Reasons for the recent attack and murder of dozens of people in Norway by Anders Behring Breivik are slowly but surely coming to light. If you’re really assiduous and interested, and indeed wise enough to bypass commentary from the media’s talking heads about what happened, you’ll go straight to the source, Breivik’s 1500+ page manifesto, 2083: A European Declaration of Independence (read it here). No doubt some enterprising sociology or religious studies grad student somewhere has already digested most of it and is preparing a dissertation prospectus based on it.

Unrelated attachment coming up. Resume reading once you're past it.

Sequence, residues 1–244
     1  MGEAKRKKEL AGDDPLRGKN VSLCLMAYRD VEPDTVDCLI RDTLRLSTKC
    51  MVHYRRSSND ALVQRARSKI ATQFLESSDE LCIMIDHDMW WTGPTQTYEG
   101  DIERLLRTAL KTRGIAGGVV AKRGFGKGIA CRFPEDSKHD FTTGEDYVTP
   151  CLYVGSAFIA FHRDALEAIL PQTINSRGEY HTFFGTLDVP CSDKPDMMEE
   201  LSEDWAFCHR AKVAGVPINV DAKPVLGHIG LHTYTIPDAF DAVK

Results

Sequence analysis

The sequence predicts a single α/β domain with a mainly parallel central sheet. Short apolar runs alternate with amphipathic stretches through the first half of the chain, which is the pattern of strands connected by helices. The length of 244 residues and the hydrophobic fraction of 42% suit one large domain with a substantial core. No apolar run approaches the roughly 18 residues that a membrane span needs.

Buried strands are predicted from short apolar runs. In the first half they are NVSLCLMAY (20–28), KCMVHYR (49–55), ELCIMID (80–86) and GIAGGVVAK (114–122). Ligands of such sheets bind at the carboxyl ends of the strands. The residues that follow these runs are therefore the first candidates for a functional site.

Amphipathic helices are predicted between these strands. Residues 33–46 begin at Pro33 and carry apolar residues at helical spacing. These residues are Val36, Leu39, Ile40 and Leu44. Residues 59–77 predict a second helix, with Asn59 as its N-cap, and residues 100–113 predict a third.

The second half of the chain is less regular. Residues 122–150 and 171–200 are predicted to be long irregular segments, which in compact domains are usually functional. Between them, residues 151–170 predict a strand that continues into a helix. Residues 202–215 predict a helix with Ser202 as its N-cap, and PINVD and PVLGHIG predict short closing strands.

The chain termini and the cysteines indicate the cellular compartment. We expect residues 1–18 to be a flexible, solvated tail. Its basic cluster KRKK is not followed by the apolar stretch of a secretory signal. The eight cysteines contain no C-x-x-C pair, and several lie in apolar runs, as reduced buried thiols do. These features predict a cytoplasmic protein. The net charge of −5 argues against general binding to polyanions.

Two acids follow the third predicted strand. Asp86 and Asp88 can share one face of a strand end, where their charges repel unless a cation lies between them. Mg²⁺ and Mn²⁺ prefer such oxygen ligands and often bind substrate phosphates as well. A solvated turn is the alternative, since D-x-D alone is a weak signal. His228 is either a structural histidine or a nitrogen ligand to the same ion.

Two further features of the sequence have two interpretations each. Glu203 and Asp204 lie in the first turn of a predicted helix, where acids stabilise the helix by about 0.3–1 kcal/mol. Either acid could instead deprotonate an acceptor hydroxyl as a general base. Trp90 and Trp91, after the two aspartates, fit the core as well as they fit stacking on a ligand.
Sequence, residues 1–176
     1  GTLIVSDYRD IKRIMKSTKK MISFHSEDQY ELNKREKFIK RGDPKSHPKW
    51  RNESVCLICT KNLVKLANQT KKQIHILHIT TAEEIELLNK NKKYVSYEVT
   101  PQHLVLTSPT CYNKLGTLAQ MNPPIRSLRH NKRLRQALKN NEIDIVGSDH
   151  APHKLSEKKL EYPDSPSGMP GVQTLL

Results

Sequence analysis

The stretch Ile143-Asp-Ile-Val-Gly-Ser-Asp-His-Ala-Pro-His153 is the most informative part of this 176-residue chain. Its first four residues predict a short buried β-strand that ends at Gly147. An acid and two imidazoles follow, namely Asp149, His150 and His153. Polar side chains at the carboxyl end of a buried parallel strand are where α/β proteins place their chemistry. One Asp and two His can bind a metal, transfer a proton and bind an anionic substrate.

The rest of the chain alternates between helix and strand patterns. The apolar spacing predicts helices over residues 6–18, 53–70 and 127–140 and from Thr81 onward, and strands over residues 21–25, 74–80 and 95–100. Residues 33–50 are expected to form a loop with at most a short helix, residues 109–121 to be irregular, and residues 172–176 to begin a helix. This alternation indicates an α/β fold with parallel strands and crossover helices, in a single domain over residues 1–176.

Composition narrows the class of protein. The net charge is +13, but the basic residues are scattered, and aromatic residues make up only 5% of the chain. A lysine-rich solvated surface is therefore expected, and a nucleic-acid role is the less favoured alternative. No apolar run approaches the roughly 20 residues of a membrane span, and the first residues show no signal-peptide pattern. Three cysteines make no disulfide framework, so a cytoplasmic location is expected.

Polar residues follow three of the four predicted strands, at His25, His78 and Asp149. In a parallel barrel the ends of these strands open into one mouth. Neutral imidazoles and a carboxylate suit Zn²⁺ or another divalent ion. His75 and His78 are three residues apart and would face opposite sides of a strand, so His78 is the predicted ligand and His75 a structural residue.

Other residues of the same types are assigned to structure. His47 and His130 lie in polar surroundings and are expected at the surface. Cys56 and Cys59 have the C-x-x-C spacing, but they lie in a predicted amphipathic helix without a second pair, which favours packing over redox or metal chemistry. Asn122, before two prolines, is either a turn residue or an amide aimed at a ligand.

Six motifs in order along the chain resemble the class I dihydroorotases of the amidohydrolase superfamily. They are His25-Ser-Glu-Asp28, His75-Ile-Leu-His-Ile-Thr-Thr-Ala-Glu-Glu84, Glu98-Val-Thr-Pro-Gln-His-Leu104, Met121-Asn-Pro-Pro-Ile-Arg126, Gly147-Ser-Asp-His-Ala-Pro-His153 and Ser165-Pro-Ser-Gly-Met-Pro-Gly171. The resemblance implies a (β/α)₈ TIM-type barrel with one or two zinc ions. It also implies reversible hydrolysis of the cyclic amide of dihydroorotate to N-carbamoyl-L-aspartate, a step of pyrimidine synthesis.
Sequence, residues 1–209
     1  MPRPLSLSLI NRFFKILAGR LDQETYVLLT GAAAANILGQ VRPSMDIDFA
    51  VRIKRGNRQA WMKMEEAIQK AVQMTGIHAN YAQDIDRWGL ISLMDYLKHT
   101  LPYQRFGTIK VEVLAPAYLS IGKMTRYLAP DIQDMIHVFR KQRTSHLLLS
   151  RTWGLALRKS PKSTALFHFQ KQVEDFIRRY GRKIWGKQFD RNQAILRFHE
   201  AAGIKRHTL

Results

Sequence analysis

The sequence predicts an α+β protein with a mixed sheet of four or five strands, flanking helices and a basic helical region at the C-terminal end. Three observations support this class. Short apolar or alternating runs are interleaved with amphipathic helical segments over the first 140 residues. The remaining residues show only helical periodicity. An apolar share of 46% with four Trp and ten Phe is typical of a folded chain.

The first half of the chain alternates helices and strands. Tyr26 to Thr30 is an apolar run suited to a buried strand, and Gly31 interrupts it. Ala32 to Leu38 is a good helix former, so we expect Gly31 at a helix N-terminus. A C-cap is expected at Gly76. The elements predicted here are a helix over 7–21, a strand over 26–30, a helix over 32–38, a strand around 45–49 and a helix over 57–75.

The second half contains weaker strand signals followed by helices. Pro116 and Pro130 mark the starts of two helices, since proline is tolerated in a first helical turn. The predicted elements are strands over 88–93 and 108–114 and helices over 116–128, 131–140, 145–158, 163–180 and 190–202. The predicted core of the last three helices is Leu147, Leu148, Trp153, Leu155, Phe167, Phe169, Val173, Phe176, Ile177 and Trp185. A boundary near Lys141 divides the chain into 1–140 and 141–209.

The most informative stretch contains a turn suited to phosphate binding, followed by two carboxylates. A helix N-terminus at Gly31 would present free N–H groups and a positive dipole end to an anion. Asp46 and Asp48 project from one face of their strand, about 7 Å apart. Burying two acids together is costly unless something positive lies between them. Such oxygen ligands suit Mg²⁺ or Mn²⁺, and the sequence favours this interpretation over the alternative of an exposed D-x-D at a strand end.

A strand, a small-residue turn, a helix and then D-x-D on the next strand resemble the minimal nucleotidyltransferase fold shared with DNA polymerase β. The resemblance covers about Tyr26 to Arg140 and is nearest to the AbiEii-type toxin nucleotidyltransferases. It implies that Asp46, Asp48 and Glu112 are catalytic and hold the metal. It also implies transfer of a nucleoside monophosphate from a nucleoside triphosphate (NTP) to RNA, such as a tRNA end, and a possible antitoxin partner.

The academic don of all things religious and terrorist, Mark Juergensmeyer, has already scripted a piece on the striking parallels between Norway’s Breivik and the U.S.’s McVeigh over at Religion Dispatches. Check it out and report back, dear reader(s).
What I’d like to point out in this blogamarole is some news I recently came across about Breivik that really drew me in. Namely, the following two articles present some very interesting material for anyone interested in the long and winding historical relationship between religion and politics across the Indo-European world, Indo-Aryan invasion theories and, more generally, religious terrorism:
“Norway massacre: Breivik manifesto attempts to woo India’s Hindu nationalists,” Christian Science Monitor (25 july 2011)
“Varanasi, Hindutva link in Norway mass murderer’s manifesto,” Star News Bureau (26 July 2011)